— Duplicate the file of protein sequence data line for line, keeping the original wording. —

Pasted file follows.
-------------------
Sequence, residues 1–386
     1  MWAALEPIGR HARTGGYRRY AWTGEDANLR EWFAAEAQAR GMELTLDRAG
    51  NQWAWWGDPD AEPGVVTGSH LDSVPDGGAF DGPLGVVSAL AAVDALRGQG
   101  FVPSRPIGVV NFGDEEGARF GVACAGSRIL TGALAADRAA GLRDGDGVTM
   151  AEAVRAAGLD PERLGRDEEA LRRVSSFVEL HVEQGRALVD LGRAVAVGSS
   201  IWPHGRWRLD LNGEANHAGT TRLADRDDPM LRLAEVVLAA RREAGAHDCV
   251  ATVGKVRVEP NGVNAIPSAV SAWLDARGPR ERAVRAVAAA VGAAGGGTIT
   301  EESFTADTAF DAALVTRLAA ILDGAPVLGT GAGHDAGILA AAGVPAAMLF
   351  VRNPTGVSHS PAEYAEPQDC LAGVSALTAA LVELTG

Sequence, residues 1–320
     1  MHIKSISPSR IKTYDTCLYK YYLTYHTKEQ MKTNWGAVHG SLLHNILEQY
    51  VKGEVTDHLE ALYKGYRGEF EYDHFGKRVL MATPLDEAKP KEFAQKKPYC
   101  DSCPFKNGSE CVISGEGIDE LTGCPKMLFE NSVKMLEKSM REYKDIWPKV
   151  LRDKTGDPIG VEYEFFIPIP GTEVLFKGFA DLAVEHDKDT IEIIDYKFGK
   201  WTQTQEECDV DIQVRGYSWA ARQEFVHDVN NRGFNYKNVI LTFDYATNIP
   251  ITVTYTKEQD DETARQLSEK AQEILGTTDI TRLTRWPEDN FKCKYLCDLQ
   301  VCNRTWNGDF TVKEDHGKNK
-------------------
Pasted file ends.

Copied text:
Sequence, residues 1–386
     1  MWAALEPIGR HARTGGYRRY AWTGEDANLR EWFAAEAQAR GMELTLDRAG
    51  NQWAWWGDPD AEPGVVTGSH LDSVPDGGAF DGPLGVVSAL AAVDALRGQG
   101  FVPSRPIGVV NFGDEEGARF GVACAGSRIL TGALAADRAA GLRDGDGVTM
   151  AEAVRAAGLD PERLGRDEEA LRRVSSFVEL HVEQGRALVD LGRAVAVGSS
   201  IWPHGRWRLD LNGEANHAGT TRLADRDDPM LRLAEVVLAA RREAGAHDCV
   251  ATVGKVRVEP NGVNAIPSAV SAWLDARGPR ERAVRAVAAA VGAAGGGTIT
   301  EESFTADTAF DAALVTRLAA ILDGAPVLGT GAGHDAGILA AAGVPAAMLF
   351  VRNPTGVSHS PAEYAEPQDC LAGVSALTAA LVELTG

Sequence, residues 1–320
     1  MHIKSISPSR IKTYDTCLYK YYLTYHTKEQ MKTNWGAVHG SLLHNILEQY
    51  VKGEVTDHLE ALYKGYRGEF EYDHFGKRVL MATPLDEAKP KEFAQKKPYC
   101  DSCPFKNGSE CVISGEGIDE LTGCPKMLFE NSVKMLEKSM REYKDIWPKV
   151  LRDKTGDPIG VEYEFFIPIP GTEVLFKGFA DLAVEHDKDT IEIIDYKFGK
   201  WTQTQEECDV DIQVRGYSWA ARQEFVHDVN NRGFNYKNVI LTFDYATNIP
   251  ITVTYTKEQD DETARQLSEK AQEILGTTDI TRLTRWPEDN FKCKYLCDLQ
   301  VCNRTWNGDF TVKEDHGKNK